In December 2020, the ACTT-2 trial was published. The ACTT-2 investigators utilized a combination of remdesivir with baricitinib for treatment of adult patients hospitalized with COVID-19. Baricitinib is an oral medication that selectively inhibits Janus kinase (JAK) 1 and 2 that inhibit intracellular cytokine pathways (IL-2, IL-6, IL-10, IFNγ, and GM-CSF) elevated in severe COVID-19 infection as well as prevent cellular entry/infectivity of SARS-CoV-2 by impairing AP2-associated protein kinase 1 [11]. The combination of baricitinib with remdesivir was found to be superior to remdesivir alone in reducing time to recovery in patients with COVID-19 and, especially in those requiring high-flow oxygen or noninvasive ventilation.

The next step in advancing the field of medicine and care for the patient inflicted with COVID-19 would be to investigate the utility of a combination of dexamethasone, remdesivir, and baricitinib. We performed a retrospective prepost study to evaluate the efficacy of triple therapy of dexamethasone, remdesivir, and baricitinib in comparison to conventional dual therapy of dexamethasone with remdesivir in severe COVID-19 requiring high-flow oxygen.

2. Methods

The protocol was designed and written by the investigators and approved by the Saint Peter’s University Hospital Institutional Review Board. The study is nonsponsored. The investigators at the participating study site gathered the data, while the first and second authors performed the statistical analysis. The authors equally wrote the entire manuscript and vouch for the accuracy, completeness of the data, and fidelity to the study protocol.

We performed a single-site, retrospective cohort study conducted at a community-based tertiary care hospital in New Brunswick, NJ, USA. Patients having symptoms suggestive of COVID-19 infection were screened at the emergency department for COVID-19 infection. Based on the severity of patient symptoms and clinical judgement of emergency medicine physicians, patients with severe disease were classified as needing ICU care or lower-level care. Patients with COVID-19 admitted between June 24, 2020, and June 1, 2021, were screened for the inclusion and exclusion criteria of the study. The full inclusion criteria included male or nonpregnant female with age ≥18 years old at the time of hospital admission, admitted to a hospital with symptoms suggestive of COVID-19, had a laboratory-confirmed SARS-COV-2 infection determined by PCR, illness of any duration with evidence of lower respiratory tract infection via radiographic infiltration by chest radiography and SpO2 ≤94%, and required high-flow oxygen evident by a score of 6 on the ordinal scale (hospitalized, on noninvasive ventilation, or high-flow oxygen devices). Patients were excluded from the study if they met any of the following criteria: ALT or AST >5 times the upper limit of normal, neutropenia (absolute neutrophil count <250 cells/μL), pregnancy or breastfeeding, anticipated discharge from the hospital or transfer to another hospital which is not a study site within 72 hours, allergy to study medication, received TNF inhibitor within 2 weeks of screening, received convalescent plasma or intravenous immunoglobulin for COVID-19, or received mechanical ventilation within 24 hours of admission. Baseline characteristics of the treatment and control groups are listed in Table 1.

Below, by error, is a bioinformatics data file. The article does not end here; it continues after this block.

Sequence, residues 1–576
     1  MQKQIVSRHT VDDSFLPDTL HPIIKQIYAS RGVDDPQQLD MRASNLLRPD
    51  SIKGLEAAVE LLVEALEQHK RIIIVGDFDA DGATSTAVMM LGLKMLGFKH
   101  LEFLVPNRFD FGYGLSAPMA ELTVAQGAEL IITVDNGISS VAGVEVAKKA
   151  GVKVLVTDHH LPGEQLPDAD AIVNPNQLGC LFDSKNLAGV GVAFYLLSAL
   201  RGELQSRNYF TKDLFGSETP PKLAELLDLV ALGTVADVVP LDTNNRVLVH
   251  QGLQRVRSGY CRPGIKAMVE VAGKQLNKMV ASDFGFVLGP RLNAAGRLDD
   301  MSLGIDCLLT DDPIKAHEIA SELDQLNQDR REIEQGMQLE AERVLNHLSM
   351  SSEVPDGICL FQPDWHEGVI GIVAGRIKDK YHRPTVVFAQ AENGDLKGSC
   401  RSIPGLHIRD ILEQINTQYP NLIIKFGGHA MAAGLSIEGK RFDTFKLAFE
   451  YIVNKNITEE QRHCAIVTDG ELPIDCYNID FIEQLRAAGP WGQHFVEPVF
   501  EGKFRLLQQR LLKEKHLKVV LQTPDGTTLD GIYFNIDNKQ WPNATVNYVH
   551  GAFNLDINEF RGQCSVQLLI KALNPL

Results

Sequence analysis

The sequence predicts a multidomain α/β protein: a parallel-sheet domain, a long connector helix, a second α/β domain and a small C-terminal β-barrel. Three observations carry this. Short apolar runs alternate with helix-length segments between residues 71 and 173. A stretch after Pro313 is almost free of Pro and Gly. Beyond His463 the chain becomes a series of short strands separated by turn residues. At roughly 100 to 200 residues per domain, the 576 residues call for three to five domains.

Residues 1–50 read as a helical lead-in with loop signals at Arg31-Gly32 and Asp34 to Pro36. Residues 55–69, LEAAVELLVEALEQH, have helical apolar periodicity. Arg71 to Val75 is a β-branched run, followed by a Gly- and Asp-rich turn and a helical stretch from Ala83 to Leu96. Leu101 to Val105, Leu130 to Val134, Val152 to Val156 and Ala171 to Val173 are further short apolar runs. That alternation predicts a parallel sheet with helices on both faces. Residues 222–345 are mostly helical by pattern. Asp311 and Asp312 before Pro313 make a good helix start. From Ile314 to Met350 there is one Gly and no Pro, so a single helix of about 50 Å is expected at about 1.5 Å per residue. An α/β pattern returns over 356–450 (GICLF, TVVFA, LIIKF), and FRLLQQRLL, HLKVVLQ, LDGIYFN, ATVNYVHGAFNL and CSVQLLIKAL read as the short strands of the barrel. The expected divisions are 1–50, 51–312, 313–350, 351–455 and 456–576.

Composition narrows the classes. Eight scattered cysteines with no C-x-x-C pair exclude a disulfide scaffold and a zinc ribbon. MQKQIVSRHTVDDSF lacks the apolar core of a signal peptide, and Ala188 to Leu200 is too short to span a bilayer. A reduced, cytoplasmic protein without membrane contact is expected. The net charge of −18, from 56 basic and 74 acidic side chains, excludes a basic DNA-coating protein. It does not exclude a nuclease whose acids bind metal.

Patients in the control group were treated with dexamethasone 6 mg IV daily for 10 days and remdesivir 200 mg IV once followed by 100 mg IV daily for 5 days total. Those in the treatment group received baricitinib 4 mg oral daily for 14 days in addition to dexamethasone and remdesivir. Treatment could be discontinued early if the patients were discharged from the hospital due to recovery. Patients could receive tocilizumab as the standard of care for management of severe COVID-19 requiring high-flow oxygen at the discretion of the providing physician if they were perceived to be at a periintubation stage and high risk for requiring mechanical ventilation.

Using Saint Peter’s University Hospital data registry, the investigators involved in this study gathered the clinical data, which were then analyzed using STATA© 15.0 (College Station, Texas, USA). The study was approved by the Institutional Review Board (IRB) of Saint Peter’s University Hospital (IRB# 00004301). Exception from obtaining informed consent was granted by the IRB considering our study was retrospective in nature.